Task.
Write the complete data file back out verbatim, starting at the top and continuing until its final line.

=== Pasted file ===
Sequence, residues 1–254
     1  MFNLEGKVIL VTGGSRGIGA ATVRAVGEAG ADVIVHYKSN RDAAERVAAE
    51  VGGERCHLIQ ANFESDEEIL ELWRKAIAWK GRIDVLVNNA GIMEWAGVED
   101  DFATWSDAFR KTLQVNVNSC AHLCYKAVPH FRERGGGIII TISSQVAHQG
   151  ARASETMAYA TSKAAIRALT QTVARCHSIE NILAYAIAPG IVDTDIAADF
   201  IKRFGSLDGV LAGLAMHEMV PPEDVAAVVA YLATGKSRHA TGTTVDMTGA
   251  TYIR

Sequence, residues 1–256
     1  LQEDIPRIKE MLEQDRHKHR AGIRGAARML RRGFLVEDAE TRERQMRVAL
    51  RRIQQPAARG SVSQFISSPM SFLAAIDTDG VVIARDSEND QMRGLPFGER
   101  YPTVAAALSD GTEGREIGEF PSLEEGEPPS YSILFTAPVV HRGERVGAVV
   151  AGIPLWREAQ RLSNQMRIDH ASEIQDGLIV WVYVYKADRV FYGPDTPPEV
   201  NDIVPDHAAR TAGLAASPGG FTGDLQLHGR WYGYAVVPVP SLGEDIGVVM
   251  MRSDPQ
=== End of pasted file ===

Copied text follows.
Sequence, residues 1–254
     1  MFNLEGKVIL VTGGSRGIGA ATVRAVGEAG ADVIVHYKSN RDAAERVAAE
    51  VGGERCHLIQ ANFESDEEIL ELWRKAIAWK GRIDVLVNNA GIMEWAGVED
   101  DFATWSDAFR KTLQVNVNSC AHLCYKAVPH FRERGGGIII TISSQVAHQG
   151  ARASETMAYA TSKAAIRALT QTVARCHSIE NILAYAIAPG IVDTDIAADF
   201  IKRFGSLDGV LAGLAMHEMV PPEDVAAVVA YLATGKSRHA TGTTVDMTGA
   251  TYIR

Sequence, residues 1–256
     1  LQEDIPRIKE MLEQDRHKHR AGIRGAARML RRGFLVEDAE TRERQMRVAL
    51  RRIQQPAARG SVSQFISSPM SFLAAIDTDG VVIARDSEND QMRGLPFGER
   101  YPTVAAALSD GTEGREIGEF PSLEEGEPPS YSILFTAPVV HRGERVGAVV
   151  AGIPLWREAQ RLSNQMRIDH ASEIQDGLIV WVYVYKADRV FYGPDTPPEV
   201  NDIVPDHAAR TAGLAASPGG FTGDLQLHGR WYGYAVVPVP SLGEDIGVVM
   251  MRSDPQ